Masdar Institute is Making Sustainable Desalination Affordable for the UAE

Masdar Institute of Science and Technology is leading research to advance and transform the critical technologies that provide the UAE with a significant portion of its freshwater to enhance water security, reduce the strain on the country’s limited natural freshwater, save money and preserve the environment.


Since 2005, economic development and urban growth in the UAE has resulted in a doubling of the population. Supplying this demand has been an ongoing challenge. The UAE’s arid climate, dry soils, scant rivers and dams and very limited precipitation mean that groundwater is the only natural freshwater source in the country, and that is in very limited supply. The UAE has relied upon foreign fossil fuel-powered desalination technologies to meet with the shortfall in natural freshwater supply for many decades, but in recent years has focused on developing its own technologies to provide desalinated water in a more environmentally-friendly way.

Masdar Institute has been a key contributor to a Masdar project that recently saw the inauguration of the UAE’s first renewable-energy powered desalination facility. The Ghantoot plant, which was inaugurated on November 23, hosts a Renewable Energy Powered Desalination Program to explore the feasibility of harvesting energy from the sun to provide Abu Dhabi’s potable water needs. Groundwater provides just over 50% of the UAE’s water supplies and desalination provides 37%, most of which is used for industrial and domestic consumption. The remaining 12% is reclaimed water, which is used for landscaping irrigation.

Under the Renewable Energy Powered Desalination Program, four pilot projects were commissioned by the Masdar company, which aims to have full-scale renewable energy powered desalination operational in Abu Dhabi by 2020. Each of these four projects have a small-scale test facility at the Ghantoot plant as part of the initial testing phase, which is currently being completed and will run until 2016.

Desalination is also one of the critical topics being discussed at the International Water Summit (IWS), taking place during Abu Dhabi Sustainability Week 2016 at Abu Dhabi National Exhibition Center (ADNEC), on 15-23 January 2016.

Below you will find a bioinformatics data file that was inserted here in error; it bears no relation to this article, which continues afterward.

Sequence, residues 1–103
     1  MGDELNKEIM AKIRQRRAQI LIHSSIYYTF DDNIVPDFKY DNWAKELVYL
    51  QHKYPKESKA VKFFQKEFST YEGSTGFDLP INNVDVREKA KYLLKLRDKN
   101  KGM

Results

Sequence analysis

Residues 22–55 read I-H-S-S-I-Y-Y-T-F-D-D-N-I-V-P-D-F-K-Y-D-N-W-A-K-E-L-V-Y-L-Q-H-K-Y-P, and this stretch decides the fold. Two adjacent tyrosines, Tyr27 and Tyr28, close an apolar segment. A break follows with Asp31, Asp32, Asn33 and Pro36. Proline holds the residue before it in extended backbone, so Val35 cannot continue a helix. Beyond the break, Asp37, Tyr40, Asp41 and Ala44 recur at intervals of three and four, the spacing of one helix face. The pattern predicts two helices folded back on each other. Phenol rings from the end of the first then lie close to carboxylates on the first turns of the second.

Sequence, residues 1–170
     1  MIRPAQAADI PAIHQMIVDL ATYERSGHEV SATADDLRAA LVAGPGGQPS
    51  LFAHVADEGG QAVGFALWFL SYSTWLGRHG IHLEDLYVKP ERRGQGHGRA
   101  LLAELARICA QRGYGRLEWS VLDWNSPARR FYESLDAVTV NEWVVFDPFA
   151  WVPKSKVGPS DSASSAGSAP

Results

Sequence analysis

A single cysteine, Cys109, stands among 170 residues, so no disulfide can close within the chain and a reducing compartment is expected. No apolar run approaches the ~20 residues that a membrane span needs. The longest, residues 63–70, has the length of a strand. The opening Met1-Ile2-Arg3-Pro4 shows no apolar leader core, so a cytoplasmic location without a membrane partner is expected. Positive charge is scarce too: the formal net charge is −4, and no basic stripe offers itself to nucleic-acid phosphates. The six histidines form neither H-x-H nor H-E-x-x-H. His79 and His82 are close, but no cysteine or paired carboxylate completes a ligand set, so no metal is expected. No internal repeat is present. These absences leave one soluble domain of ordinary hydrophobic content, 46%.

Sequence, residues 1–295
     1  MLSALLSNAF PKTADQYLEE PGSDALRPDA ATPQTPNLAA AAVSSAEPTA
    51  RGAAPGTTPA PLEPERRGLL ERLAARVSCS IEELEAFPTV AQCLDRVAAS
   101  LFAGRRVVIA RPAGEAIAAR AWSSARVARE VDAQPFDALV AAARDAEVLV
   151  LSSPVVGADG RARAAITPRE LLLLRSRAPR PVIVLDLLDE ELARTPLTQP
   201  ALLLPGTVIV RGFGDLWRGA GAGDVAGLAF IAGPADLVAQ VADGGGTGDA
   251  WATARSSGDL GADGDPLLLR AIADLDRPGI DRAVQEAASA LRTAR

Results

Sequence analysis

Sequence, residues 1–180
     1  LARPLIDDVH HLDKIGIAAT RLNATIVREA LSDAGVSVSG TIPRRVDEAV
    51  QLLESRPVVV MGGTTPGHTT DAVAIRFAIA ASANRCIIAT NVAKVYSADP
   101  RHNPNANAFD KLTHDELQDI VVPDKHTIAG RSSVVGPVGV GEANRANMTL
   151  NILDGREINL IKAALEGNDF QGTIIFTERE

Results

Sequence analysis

Throughout the year, Masdar Institute researchers will be delivering advancements to existing desalination technology and introducing novel approaches for more sustainable and affordable new technologies in order to meet these goals. Their research aims to help the UAE overcome its water scarcity and security challenges, which was one of the seven priority sectors identified in the UAE’s National Innovation Strategy announced in late 2014.

Most of the UAE’s desalination plants are cogeneration plants, which utilize two techniques – multi-stage flash (MSF) and multiple-effect distillation (MED) – to turn seawater into freshwater. These cogeneration plants first produce electricity, and then the steam by-product is used to remove salt and other unwanted minerals and impurities from seawater, to produce freshwater.

However, these plants are energy intensive and emit large quantities of greenhouse gases – approximately one third of Abu Dhabi’s carbon footprint results from the production of water and electricity. In fact, the UAE’s reliance on such energy-intensive technologies is estimated to cost AED11 billion annually. Increasing water consumption and the impacts of global climate change have only intensified the UAE’s need for affordable and low-carbon desalination technologies to address these problems. 

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